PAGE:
Discover the cosmos! Each day a different image or photograph of our fascinating universe is featured, along with a brief explanation written by a professional astronomer.
2007 July 1
Explanation: Vertical cliffs of nearly two kilometres occur near the North Pole of Mars. Also visible in the above image of the Martian North Polar Cap are red areas of rock and sand, white areas of ice, and dark areas of unknown composition but hypothesized to be volcanic ash. The cliffs are thought to border volcanic caldera. Although the sheer drop of the Martian cliffs is extreme, the drop is not as deep as other areas in our Solar System, including the 3.4-kilometre depth of Colca Canyon on Earth and the 20 kilometre depth of Verona Rupes on Uranus' moon Miranda. The above image, digitally reconstructed into a perspective view, was taken by the High Resolution Stereo Camera on board the ESA's robotic Mars Express spacecraft currently orbiting Mars.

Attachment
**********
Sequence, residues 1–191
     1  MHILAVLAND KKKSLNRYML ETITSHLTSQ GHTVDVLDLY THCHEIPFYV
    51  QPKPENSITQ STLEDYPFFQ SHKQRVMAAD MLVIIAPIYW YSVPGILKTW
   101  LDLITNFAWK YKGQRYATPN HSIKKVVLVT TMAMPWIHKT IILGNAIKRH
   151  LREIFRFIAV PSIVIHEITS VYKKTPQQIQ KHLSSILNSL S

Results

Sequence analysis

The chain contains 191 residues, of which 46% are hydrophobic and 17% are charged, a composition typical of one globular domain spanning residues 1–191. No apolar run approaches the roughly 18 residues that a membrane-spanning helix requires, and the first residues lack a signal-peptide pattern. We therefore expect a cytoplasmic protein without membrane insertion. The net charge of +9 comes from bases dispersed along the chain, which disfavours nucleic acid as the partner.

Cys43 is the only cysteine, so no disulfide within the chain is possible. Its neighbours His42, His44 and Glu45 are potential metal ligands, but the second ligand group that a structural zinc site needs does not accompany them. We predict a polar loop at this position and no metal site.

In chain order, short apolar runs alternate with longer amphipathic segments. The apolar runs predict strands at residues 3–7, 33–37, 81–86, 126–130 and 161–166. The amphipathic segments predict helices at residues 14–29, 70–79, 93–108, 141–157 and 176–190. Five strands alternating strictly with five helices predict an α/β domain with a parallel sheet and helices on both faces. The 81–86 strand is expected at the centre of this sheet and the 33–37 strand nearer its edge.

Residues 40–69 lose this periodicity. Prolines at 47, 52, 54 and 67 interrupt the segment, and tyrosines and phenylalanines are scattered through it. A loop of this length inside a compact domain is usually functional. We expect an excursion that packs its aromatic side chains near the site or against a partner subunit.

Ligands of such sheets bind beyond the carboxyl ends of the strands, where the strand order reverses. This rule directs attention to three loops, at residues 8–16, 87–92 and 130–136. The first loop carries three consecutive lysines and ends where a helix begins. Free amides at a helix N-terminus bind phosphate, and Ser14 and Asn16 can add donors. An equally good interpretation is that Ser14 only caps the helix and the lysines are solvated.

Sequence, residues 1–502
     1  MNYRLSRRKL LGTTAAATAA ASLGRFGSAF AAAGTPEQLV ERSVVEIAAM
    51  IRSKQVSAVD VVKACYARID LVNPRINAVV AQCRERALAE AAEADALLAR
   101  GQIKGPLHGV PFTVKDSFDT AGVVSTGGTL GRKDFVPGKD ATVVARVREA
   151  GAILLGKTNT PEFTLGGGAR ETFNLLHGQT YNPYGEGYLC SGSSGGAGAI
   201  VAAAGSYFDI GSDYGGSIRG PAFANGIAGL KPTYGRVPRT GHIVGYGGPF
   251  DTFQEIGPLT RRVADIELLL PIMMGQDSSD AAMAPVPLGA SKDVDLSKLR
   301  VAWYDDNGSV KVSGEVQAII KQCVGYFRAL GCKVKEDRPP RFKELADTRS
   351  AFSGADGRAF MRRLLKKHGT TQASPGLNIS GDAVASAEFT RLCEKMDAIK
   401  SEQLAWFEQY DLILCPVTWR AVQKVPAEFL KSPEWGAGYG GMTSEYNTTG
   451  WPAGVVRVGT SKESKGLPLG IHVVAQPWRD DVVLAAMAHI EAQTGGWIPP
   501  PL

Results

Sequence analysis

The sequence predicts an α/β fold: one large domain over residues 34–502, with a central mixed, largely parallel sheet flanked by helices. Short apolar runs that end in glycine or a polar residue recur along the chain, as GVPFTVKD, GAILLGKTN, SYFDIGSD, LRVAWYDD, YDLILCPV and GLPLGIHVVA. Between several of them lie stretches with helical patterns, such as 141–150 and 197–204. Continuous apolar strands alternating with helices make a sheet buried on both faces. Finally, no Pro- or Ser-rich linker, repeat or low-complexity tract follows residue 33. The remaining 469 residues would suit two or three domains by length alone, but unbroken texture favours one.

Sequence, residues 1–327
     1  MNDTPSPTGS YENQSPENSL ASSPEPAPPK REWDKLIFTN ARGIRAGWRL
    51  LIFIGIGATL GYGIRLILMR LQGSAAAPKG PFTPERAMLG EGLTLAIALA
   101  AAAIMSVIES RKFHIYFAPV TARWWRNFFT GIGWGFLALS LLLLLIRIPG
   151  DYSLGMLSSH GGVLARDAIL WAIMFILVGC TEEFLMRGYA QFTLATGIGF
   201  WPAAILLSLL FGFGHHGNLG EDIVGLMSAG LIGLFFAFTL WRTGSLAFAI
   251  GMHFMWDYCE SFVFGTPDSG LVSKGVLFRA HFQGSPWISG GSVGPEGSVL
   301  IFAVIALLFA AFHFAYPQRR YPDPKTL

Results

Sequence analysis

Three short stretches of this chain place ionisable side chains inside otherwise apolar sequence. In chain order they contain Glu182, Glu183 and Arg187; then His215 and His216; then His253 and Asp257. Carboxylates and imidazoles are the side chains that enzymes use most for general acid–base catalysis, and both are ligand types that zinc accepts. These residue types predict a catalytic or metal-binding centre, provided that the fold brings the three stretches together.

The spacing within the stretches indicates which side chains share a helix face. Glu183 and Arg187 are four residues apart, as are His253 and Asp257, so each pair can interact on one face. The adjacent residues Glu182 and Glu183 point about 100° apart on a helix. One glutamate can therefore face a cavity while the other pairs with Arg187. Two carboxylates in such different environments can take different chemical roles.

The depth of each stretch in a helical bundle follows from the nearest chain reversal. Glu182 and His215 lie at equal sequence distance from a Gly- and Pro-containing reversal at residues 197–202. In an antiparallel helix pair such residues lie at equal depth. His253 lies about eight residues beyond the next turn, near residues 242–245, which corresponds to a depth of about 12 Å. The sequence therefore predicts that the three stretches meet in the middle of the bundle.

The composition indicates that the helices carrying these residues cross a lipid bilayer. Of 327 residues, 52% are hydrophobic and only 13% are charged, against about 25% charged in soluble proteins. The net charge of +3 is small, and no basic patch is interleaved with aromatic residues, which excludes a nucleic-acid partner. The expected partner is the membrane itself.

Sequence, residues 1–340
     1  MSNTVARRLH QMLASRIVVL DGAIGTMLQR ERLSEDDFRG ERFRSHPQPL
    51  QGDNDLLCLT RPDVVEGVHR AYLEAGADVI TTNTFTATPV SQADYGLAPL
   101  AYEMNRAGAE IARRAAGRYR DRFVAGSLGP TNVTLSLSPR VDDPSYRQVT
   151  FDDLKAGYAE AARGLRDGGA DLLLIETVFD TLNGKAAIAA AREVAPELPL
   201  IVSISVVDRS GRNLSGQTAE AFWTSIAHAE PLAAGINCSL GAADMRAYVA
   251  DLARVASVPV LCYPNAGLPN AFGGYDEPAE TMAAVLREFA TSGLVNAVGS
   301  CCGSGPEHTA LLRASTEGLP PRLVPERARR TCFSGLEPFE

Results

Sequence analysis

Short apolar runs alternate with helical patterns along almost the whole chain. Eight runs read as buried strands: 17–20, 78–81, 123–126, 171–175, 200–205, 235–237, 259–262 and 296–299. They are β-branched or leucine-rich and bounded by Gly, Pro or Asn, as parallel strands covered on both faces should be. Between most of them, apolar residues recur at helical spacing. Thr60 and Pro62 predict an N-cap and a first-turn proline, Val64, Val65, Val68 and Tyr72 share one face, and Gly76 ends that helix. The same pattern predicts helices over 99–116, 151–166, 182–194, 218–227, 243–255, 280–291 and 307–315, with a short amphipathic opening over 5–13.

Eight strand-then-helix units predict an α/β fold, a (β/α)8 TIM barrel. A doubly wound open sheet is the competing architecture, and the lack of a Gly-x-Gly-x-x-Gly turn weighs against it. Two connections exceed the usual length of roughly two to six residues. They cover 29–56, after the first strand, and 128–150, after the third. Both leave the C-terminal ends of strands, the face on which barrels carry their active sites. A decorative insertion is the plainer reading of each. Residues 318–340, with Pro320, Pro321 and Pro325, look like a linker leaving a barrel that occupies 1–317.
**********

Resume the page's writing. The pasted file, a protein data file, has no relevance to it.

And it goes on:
Authors & editors:
Jerry Bonnell (USRA)
NASA Official: Phillip Newman Specific rights apply.
A service of: ASD at NASA / GSFC
& Michigan Tech. U.